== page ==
Moving Forward After Loss: How Families Can Heal and Thrive in a New Environment

Losing a loved one can be a pretty turbulent experience. For some families, navigating the grieving process can be complicated by always being surrounded by the environment they live in. There might be locations that represent negative memories surrounding the death or perhaps it just doesn’t feel like home anymore. One solution to this is to seek a fresh start by moving to a new area.

If you choose to do this, it can be a positive influence on your family’s healing journey. It’s important to understand that there can be some common challenges along the way. You’re juggling moving house with grieving. By taking the time to understand these hurdles and taking steps to overcome them, you can make the most positive fresh start for everyone involved.

Navigating Moving Challenges

Moving to a new location is generally regarded as one of the most stressful things people can experience. Grief might add a layer of difficulty to this. This isn’t necessarily a reason to change your plans, but it’s vital to prepare in a way that helps you navigate both moving and grief-related challenges.

It’s often helpful to think beyond the practical logistics of moving and make plans that are also related to the resources your family may need. When choosing a new town or city, you should already be researching elements such as climate, home prices, and the amenities in the area. You could identify what support resources—grief groups and counseling services, among others—can ensure your family has any help they need immediately on arrival.

Even looking at whether a location is the type of environment that might be most healing for your family following a loss is wise, too. Do they need peace and quiet or do you think you’ll all benefit from a lot of activity?

Another of the challenges of moving can be leaving behind the home that you might have shared with your passed loved one. Alongside the stress of relocating, knowing that you’re spending the final weeks, days, or hours in that space can be an emotionally charged experience. You can also give your family time to simply be with the space before locking the doors for the last time. Hiring a moving company so you can focus on just being together rather than packing and emptying the home can reduce the stress of the situation. Share a few memories with one another and tend to your emotional needs.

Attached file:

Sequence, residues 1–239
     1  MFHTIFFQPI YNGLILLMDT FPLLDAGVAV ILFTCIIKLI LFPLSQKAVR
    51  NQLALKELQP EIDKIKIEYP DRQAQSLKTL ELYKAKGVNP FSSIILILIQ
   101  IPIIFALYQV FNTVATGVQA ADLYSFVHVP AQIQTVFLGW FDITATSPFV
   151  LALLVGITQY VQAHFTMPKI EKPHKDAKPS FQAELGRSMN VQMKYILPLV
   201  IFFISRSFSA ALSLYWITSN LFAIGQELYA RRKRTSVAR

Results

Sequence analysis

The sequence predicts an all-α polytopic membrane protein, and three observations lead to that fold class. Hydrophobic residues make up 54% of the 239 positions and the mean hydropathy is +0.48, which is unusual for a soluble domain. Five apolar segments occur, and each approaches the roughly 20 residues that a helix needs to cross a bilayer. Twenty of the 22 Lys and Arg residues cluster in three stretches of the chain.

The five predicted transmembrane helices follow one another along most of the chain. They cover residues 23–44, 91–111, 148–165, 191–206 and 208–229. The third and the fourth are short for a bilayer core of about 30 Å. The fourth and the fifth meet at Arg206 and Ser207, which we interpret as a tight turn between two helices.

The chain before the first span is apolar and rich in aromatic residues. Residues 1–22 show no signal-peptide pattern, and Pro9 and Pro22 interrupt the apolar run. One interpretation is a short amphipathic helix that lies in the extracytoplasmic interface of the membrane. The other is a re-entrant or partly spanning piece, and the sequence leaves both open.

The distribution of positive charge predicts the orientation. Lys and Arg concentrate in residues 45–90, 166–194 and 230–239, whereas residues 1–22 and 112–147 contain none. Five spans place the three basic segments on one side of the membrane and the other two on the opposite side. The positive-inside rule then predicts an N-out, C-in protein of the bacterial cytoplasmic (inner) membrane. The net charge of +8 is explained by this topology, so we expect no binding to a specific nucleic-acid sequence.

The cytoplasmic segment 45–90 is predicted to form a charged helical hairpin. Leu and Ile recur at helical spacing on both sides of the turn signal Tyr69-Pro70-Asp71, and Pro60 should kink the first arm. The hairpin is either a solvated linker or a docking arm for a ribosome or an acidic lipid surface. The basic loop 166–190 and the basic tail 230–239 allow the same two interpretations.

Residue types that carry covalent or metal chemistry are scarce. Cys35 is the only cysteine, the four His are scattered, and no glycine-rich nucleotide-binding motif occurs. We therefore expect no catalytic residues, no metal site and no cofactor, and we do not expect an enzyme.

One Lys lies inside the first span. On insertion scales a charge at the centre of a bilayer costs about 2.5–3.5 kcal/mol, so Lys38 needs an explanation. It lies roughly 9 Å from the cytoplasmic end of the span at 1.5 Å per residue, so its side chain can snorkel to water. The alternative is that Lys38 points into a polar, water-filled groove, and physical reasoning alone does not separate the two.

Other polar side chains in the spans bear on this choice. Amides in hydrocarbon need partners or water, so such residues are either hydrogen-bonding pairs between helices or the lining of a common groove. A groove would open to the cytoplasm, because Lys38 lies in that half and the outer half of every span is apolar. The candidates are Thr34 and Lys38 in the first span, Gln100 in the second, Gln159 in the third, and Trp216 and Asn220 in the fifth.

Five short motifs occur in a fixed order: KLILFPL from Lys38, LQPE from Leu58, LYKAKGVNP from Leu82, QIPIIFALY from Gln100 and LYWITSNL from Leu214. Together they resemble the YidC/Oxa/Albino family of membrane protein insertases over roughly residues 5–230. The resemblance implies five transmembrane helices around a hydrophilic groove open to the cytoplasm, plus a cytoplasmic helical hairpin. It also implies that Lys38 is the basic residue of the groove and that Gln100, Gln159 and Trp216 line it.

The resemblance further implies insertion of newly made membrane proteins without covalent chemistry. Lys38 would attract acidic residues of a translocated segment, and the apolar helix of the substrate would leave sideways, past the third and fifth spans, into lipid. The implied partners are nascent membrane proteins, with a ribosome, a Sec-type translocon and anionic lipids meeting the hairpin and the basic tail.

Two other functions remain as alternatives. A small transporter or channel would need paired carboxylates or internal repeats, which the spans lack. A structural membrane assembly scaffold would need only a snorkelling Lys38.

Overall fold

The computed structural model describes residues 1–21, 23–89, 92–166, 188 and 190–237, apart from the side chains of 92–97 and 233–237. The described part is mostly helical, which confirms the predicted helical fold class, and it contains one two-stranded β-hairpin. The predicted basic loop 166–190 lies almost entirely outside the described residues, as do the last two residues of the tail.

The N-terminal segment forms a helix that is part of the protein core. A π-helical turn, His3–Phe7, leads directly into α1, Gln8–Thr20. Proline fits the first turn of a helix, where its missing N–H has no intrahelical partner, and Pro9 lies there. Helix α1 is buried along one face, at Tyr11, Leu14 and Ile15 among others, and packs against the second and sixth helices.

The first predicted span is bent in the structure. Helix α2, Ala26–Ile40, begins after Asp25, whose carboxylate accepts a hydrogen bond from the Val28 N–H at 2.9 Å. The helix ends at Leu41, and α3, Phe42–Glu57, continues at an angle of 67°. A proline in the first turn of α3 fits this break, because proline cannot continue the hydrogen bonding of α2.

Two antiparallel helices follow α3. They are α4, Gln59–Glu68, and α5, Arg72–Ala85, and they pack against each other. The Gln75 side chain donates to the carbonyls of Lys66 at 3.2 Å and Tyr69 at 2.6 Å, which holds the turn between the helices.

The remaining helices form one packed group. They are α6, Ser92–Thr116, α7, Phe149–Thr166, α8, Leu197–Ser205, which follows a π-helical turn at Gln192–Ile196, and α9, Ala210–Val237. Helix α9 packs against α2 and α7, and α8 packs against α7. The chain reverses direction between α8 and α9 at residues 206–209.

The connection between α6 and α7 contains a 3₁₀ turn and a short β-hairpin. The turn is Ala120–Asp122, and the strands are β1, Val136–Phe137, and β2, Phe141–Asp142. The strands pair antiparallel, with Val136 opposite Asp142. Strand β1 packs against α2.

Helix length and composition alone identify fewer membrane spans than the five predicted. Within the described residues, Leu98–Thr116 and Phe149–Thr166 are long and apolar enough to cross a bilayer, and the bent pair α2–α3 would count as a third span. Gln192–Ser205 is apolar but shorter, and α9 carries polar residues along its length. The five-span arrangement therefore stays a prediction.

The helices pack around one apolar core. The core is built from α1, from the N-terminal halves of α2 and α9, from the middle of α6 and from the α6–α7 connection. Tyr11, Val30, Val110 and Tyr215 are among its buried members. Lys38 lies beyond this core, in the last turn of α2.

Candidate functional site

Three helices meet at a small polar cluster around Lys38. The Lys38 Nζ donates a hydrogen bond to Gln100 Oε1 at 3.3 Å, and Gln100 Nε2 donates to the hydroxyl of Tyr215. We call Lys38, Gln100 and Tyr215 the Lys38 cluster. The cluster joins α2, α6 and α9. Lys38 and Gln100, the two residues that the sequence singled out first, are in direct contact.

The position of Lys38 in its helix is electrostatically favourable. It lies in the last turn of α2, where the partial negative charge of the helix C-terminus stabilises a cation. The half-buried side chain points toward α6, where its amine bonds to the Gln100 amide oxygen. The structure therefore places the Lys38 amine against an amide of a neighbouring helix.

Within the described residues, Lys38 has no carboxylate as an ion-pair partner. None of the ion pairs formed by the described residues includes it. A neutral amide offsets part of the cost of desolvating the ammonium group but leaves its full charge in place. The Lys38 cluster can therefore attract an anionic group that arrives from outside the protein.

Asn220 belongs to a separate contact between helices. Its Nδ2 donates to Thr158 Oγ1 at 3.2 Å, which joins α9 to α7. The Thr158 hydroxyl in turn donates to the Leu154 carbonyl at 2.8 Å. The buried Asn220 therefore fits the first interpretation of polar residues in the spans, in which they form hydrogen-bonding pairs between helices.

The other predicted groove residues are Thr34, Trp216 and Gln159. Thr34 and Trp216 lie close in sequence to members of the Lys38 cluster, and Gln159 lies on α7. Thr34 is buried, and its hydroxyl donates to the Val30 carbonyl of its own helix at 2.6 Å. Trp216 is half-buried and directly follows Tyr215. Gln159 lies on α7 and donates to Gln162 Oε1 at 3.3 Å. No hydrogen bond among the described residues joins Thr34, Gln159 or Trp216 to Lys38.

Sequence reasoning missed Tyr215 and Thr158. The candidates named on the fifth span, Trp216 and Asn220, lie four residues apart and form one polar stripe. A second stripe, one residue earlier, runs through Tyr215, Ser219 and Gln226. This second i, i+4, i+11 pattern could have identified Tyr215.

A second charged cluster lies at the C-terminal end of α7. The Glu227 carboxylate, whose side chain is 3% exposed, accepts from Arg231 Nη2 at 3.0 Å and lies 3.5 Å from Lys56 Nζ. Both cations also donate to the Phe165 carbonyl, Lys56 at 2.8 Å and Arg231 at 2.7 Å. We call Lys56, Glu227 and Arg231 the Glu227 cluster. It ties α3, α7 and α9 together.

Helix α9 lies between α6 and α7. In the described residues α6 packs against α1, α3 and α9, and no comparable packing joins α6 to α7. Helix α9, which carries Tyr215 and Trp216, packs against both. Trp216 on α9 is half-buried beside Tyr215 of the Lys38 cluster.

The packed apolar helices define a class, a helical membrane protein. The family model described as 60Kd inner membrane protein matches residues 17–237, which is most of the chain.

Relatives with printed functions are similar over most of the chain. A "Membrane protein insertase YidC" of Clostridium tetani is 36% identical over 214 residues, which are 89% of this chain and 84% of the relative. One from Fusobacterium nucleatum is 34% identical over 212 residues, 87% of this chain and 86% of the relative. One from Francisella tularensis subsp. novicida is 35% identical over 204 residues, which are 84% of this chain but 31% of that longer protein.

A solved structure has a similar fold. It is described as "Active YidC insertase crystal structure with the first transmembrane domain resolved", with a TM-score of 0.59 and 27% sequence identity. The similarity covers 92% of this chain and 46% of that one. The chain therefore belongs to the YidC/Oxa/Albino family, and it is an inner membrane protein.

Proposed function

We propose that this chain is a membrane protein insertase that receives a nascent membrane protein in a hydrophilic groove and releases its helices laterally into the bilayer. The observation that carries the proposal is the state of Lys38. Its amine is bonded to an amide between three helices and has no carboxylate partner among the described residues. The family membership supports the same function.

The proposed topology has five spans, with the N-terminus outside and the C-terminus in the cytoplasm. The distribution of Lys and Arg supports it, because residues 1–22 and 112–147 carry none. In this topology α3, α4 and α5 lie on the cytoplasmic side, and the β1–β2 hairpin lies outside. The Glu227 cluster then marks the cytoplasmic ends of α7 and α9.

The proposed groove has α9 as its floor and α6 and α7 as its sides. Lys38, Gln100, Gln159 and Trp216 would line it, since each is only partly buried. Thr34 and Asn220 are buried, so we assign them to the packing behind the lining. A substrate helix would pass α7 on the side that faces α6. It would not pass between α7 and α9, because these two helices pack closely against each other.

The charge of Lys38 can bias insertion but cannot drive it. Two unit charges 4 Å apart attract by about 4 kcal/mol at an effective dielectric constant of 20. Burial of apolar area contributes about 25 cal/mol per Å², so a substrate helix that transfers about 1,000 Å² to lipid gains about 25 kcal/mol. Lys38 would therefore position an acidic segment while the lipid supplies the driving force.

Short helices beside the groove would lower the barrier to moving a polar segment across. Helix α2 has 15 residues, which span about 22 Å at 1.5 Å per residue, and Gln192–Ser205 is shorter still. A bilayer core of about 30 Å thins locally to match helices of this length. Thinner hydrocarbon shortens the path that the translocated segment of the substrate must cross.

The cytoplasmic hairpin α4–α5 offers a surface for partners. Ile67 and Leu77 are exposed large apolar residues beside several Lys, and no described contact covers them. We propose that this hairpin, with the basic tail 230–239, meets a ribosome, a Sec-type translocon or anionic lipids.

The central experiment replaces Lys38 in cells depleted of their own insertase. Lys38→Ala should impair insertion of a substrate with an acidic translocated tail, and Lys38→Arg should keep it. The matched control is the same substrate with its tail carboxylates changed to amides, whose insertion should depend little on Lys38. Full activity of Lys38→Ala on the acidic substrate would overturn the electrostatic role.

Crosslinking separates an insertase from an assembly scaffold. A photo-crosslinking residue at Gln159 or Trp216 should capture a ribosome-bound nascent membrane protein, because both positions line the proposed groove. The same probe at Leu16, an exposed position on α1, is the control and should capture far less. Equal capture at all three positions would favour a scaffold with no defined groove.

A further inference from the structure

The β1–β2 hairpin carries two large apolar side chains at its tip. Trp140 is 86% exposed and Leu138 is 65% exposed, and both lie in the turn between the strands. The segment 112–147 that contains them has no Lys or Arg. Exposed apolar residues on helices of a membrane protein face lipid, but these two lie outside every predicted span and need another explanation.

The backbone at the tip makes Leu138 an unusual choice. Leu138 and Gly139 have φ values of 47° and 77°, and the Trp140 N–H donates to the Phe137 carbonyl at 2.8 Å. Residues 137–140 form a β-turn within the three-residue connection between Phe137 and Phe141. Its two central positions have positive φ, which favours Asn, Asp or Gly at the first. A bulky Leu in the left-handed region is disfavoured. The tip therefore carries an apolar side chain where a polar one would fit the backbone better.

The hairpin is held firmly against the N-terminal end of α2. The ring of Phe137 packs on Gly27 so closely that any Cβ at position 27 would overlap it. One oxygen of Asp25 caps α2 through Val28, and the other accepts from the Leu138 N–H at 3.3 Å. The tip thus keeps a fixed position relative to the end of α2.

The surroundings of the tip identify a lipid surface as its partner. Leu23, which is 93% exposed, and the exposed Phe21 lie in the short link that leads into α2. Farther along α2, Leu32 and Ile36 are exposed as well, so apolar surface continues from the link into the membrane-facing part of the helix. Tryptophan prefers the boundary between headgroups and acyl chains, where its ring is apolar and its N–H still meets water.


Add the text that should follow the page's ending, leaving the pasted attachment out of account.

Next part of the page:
Spending Meaningful Time Together

Starting afresh in a new space can be great. However, there also tends to be a huge amount of activity going on even in the weeks and months after you’ve arrived. You may be getting settled in a new job, your kids might be starting in new schools, and even getting unpacked can take a while. As a result, it’s easy to overlook spending meaningful time together as a family, offering mutual support, or maintaining the closeness that helps you all heal through grief.

It’s well worth scheduling in periods of togetherness, at least in the beginning. Some ideas for quality family time in your new environment could include:

  • Yard games: Playing as a family in the yard is a simple way to have fun regularly. You could play badminton, set up obstacle courses, and hula hoop to music. This is a good opportunity to chat casually about each other’s feelings while enjoying the surroundings of your new space.
  • Exploring the neighborhood: Walking or cycling around your new neighborhood is a great way to discover the area. You can go to local coffee shops or check out local art galleries. This can help you move forward from the experience of grief together and build new memories or fresh routines that are healthy habits to form.

While quality time together is important, it’s important not to overwhelm one another. Grieving can be an individual experience and each member of your family is also likely to need quiet time alone to explore their feelings. Keep communicating with one another to recognize whether it's best to do an activity or just have a little personal time.

Developing and Maintaining Support

As a family starting a new part of your lives together, you will usually be one another’s key points of support. You understand what one another is going through and—hopefully—are close enough to provide help. Sometimes it’s good to have support from outside your immediate unit as well. It allows you to share difficult feelings or hear different perspectives as you heal. Take the time to help one another to find, develop, and maintain support networks.

This can begin with the aforementioned grief counselors and groups. It can also include the new friends each of you makes in your new space. Encourage your kids to build relationships at school or extracurricular activities and open up as they start to build trust. You could also connect with people you work with, or seek out people that may have had similar experiences of loss. Friendship should always be a priority here. These connections aren’t sources of support but can continue being positive influences in your life as you move forward.

It might also be wise to maintain connections with supportive friends and family in your old location. While you’re in a fresh environment, your shared relationships with your passed loved one and the history you’ve had together can still be important. You could have regular video calls and plan vacations that are a positive influence in your and your family’s grieving journey.

Wrapping Up

Moving while grieving can be challenging, but it can also be the start of a wonderful new chapter in your family’s lives. Plan ahead for finding support resources and aim to be patient with one another while moving. Remember that this isn’t necessarily a way to distance yourself from the memories of your passed loved one. Rather, it's an opportunity to move forward as a family in positive and enriching ways.

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